Shady Cove council faces sewer decisions

The sun finally made an appearance in Shady Cove on June 2nd, but it didn’t feel particularly sunny inside as city council spent four hours in painful discussions, debates and decisions. Their first quandary: what to do with the treatment plant on the heels of George Bostic’s retirement? It’s universally decided Bostic with his years of knowledge and experience is irreplaceable. So – try to hire one person to fill his shoes or parcel out his duties to subcontractors and hire someone to do the balance?

In a step toward resolution council met with Carl Tappert of Rogue Valley Sewer Services during their study session. Tappert offered a few options: RVSS could just take care of waste removal, they could just take over maintenance and operation of the plant or all matters sewer could be turned over to them. Option 3 would include RVSS hiring two of the cities plant employees and then the turning over of all sewer/plant related assets (the assets would be returned if either party terminated the contract). As with all big decisions there are pros and cons to the various options. No decision was made as the financial math needs to be done on each option and discussed with the Budget Committee (special meeting will be held June 9th).

Hanging in the sewer and financial vein, there was also a request from the Edgewater Inn/Rogue River RV Park to reduce their winter sewer fee. It was a two part request: 1) they would like to move the date fees are due from the beginning to the end of the month 2) they would like a break on winter months fees as they pay per room & per RV space and they shut down several of each for winter due to lack of occupancy.

Tie into this, the council was also to vote on a $1 sewer fee increase during the evening meeting and literal agonizing debate ensued. First dilemma; some on council thought the $1 increase was for fiscal year 2012/13 & 2013/14, some thought 2011/12 & 2012/13. Which interpretation was of import as some wanted to give not only the Edgewater but the other hotels a bit of a financial break and some felt they just couldn’t fairly do so. Some arguments each way: if the overall sewer is going up – how can a break for hotels be justified? Further if you give a break to hotels, won’t rafting companies and snowbirds want a break too? However, Shady Cove lives on tourism and hotels bring tourists, so if anyone gets a break, it should be them, thought some.  Moreover the owners of the Edgewater/RV Park are pillars of the community and are asking for a small amount of relief in the big picture. Couldn’t a different option be considered? Possibly lower fees for a year or two due to the recession? Really, literally, agonizing.

In the end the budget committee was phoned and polled and majority agreed the $1 was for fiscal 11/12 & 12/13. It was then clarified that the council was only to vote on the actual requests made by Edgewater – other options and potential breaks for other hotels didn’t factor in to that evening’s vote. It was moved to deny the due date change (the ordinance would have to be amended and all other businesses would have to be contacted to see which date they favored) and denial passed 4/0. The matter of winter fee breaks was a tougher one, the motion nearly died as there was group reluctance to even second it. Again the mayor clarified the motion was only to deny the exact request for Edgewater/RV only as it was submitted and the overall matter of winter fees could rise again at a future meeting. The reluctant 2nd came, but the motion still went lifeless after a 2/2 vote. Resolutions changing fees fared better (the aforementioned sewer fee and planning fees being most significant changes) passing 4/0.Requiring less discussion was the public hearing on the budget, two folks spoke up during public comment; Ed Mayer asking more monies go to the emergency preparedness fund and Bud Rees asking more go toward city planning.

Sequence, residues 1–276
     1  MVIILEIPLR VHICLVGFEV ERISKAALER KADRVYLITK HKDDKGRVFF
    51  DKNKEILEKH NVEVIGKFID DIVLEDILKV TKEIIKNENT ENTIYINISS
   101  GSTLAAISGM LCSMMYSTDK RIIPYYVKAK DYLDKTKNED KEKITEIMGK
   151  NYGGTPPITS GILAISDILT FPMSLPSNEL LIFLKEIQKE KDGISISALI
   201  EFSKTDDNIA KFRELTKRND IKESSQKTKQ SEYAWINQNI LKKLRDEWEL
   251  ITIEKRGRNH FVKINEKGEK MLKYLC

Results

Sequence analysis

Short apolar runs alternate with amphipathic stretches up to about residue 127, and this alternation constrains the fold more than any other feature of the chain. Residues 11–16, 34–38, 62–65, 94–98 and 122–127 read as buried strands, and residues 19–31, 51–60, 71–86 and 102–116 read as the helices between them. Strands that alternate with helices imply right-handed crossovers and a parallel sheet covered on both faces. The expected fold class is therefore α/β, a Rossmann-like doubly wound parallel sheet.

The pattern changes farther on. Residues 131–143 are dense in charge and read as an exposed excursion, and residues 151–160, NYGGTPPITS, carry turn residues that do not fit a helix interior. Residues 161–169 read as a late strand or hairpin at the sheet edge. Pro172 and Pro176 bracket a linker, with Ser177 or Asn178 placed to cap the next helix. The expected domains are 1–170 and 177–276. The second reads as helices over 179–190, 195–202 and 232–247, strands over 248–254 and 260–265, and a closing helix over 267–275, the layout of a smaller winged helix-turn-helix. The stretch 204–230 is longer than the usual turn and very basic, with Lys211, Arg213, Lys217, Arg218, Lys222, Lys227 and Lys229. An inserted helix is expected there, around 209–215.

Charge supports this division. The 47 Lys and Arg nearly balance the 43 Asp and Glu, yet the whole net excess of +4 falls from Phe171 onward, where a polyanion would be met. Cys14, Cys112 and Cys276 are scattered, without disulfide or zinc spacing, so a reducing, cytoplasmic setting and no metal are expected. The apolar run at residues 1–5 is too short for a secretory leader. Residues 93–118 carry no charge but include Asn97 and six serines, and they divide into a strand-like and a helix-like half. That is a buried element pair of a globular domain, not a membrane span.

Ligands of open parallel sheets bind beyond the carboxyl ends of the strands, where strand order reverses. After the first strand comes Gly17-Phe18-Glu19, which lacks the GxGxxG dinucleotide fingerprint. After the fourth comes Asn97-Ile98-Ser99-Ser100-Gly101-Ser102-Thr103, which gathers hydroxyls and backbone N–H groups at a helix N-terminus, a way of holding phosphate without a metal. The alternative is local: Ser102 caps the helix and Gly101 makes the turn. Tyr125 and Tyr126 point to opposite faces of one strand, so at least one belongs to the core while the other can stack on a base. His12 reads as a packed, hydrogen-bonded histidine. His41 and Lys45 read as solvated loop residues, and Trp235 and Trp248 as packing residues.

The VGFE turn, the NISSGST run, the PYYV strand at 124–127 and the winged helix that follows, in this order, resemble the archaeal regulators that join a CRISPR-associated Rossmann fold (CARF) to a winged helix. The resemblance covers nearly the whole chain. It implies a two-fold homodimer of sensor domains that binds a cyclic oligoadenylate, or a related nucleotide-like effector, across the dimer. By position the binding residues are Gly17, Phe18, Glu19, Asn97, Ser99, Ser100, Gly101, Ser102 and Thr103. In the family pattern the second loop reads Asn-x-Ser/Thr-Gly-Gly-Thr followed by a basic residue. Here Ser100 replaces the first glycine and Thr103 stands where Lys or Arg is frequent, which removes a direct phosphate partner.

Discussion took off again when Kate Crowston made a request to put up a temporary sign for Tie Days on the highway. Apparently the ordinance states such signage cannot exceed 5 sq. feet, but no one has been enforcing it in recent memory. With a new city planner and new administrator reading the rules before granting permission the glitch was caught. It was agreed the ordinance needs to be reviewed and revised in general and for the time being there’s an allowance for special event signs only to exceed the 5 sq. ft. rule.

With many issues partially resolved it looks like the summer council and planning schedules will be full of more interesting discussions and decisions; if you want to have your public comment say, mark Thursday evenings on your calendar for the next few months.
By Christy Pitto
Of the Independent

 

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